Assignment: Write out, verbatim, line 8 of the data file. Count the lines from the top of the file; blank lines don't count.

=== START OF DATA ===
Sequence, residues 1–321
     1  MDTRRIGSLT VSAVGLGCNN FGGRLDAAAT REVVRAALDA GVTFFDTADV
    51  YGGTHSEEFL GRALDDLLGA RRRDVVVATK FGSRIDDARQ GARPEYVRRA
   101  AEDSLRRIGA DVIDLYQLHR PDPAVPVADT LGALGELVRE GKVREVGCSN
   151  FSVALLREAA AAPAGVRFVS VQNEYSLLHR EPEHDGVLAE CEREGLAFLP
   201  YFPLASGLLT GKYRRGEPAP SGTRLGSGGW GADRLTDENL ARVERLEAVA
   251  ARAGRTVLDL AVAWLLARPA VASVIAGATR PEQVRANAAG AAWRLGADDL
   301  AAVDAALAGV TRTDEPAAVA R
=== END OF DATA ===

   301  AAVDAALAGV TRTDEPAAVA R